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Economic zone's downgrade good economics, let market step in now

By LI YANG | China Daily | Updated: 2020-01-22 08:03
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Lanzhou customs staff supervises the dehydrated vegetables base. [Photo provided to]

Last week, the Ministry of Commerce ranked all 219 national-level economic development zones on the basis of their performances in 2019.

Notably, the Jiuquan economic development zone in Gansu province, which was upgraded from provincial to national level in 2013, was among the last five, and also the only zone to rank among the last five for two years in a row.

Soon after, the ministry downgraded the Jiuquan economic development zone to provincial level, which means it will no longer enjoy supportive industrial and financial policies the central government frames for the national economic development zones, or receive any funding from the central government.

This is the first time a national-level economic development zone has been removed from the list since it was established 35 years ago, initially as an experiment to pilot reform and opening-up policies.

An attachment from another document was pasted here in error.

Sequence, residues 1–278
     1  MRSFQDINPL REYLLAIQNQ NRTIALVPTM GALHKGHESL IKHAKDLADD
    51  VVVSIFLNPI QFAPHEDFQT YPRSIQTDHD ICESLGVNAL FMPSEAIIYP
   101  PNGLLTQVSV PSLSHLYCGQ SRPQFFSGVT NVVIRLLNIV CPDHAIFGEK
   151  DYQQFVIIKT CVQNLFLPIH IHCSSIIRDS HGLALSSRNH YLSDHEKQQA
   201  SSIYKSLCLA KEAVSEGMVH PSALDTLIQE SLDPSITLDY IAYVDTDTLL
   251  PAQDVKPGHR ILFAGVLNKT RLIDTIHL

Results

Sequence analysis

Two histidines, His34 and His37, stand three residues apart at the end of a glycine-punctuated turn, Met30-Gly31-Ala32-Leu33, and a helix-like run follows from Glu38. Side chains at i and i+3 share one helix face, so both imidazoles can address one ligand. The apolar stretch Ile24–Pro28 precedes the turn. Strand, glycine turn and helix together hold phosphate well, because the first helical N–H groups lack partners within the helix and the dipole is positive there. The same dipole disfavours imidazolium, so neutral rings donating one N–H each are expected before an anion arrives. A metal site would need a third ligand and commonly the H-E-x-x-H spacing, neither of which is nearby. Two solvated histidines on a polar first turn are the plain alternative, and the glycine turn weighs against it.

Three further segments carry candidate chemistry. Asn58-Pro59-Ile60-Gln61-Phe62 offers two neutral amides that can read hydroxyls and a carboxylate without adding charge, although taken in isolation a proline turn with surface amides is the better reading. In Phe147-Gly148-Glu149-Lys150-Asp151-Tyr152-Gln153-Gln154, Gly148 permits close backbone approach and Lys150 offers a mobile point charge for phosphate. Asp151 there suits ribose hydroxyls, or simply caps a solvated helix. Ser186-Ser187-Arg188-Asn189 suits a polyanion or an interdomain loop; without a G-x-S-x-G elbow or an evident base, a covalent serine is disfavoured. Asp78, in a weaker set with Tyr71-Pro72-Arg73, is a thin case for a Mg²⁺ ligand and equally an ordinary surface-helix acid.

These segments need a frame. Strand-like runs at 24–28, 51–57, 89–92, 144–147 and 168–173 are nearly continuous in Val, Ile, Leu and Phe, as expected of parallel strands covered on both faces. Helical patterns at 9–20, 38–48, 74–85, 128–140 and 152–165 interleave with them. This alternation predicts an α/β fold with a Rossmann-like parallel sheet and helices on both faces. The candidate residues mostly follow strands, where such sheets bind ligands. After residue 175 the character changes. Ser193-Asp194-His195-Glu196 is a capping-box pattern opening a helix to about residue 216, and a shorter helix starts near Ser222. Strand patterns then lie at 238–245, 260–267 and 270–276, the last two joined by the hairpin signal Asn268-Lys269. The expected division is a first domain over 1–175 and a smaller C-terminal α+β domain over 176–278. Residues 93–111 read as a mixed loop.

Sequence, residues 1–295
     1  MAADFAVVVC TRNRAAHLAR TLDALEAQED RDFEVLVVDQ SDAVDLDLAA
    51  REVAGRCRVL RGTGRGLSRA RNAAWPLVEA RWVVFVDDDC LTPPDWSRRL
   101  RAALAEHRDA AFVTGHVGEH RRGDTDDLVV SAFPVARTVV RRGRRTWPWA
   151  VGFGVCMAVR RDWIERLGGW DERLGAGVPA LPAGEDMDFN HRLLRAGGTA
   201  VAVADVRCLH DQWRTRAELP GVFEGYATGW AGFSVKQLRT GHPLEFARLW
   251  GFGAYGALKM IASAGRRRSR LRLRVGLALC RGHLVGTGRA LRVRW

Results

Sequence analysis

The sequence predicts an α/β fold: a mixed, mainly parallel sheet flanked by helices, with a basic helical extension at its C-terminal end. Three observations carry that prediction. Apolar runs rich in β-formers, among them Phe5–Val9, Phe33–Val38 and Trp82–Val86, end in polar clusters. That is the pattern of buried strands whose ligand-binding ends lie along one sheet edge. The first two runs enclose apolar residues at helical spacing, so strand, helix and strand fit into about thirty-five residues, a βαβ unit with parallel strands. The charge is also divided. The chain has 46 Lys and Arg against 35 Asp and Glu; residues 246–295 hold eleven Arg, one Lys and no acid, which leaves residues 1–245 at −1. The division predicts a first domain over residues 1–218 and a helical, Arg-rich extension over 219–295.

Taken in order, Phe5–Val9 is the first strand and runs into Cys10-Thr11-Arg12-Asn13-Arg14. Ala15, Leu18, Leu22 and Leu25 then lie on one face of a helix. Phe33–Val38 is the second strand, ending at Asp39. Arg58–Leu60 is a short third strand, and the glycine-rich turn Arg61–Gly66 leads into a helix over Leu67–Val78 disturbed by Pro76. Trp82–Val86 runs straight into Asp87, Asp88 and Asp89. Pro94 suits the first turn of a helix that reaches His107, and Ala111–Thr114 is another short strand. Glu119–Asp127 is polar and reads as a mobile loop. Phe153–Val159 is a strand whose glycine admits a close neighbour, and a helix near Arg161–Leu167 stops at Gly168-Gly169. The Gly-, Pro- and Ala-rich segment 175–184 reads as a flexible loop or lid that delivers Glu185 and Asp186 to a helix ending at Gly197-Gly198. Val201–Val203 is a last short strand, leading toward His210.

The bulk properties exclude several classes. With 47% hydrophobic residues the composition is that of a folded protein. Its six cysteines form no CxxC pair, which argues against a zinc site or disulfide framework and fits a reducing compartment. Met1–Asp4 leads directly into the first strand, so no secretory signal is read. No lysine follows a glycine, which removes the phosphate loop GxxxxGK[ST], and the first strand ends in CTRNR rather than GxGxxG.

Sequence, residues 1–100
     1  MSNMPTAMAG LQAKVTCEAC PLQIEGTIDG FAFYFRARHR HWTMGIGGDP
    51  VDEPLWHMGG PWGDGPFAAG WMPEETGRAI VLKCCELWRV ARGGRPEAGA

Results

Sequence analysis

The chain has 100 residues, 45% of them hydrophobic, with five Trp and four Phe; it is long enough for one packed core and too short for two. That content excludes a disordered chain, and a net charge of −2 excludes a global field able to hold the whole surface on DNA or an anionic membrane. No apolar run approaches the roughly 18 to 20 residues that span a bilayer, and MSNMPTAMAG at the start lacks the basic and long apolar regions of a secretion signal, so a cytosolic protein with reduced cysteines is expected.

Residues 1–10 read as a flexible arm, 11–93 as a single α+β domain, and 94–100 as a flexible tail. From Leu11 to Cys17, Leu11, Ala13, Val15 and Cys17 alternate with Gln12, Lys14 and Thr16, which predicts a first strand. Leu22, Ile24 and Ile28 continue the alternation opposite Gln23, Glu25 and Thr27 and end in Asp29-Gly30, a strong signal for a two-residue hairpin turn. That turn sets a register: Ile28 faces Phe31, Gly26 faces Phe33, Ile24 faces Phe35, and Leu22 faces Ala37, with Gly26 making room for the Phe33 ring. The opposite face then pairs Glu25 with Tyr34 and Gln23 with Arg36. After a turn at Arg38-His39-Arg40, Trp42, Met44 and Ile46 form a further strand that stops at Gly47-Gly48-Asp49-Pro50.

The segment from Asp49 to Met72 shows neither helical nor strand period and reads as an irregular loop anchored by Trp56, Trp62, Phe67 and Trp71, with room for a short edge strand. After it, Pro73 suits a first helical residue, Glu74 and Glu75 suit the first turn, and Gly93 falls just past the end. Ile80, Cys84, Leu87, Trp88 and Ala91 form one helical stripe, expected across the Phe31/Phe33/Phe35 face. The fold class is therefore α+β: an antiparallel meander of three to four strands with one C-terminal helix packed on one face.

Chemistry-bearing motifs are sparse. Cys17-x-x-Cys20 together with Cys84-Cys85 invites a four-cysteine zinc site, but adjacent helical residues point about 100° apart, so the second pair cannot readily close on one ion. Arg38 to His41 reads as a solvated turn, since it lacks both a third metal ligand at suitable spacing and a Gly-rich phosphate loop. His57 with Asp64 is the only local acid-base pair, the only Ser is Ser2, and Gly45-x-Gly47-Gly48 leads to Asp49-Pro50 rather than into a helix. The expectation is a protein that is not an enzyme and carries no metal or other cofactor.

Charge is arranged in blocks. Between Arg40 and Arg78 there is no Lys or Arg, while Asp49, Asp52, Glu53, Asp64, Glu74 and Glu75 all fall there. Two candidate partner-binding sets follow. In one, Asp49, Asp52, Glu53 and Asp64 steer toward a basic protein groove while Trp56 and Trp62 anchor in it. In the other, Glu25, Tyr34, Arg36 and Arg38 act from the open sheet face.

However, delisting the Jiuquan zone is a welcome move. It shows the central authorities have woken up to the need to address some institutional problems with development zones. Otherwise, such zones could degenerate into parasites feeding off the government.

Some self-evident shortcomings in the development zones, such as high resource consumption, waste of land, lax management efficiency and homogeneous competition-which does not affect the Gansu economic development zone alone-have underlined the need to reform the development zone model itself.

To some extent, the model has fulfilled its historical mission. As a document on reform issued by the State Council, China's Cabinet, last June indicated, the thousands of economic development zones ranging from county-to national-levels, if not scrapped, must be streamlined in accordance with their profitability and sustainability.

Governments at various levels should pull their hands back from the spoiled children, and let the market play a decisive role in allocating resources while encouraging them to engage in diversified competition.

Or, many of them will continue to develop as tumors in the economy.

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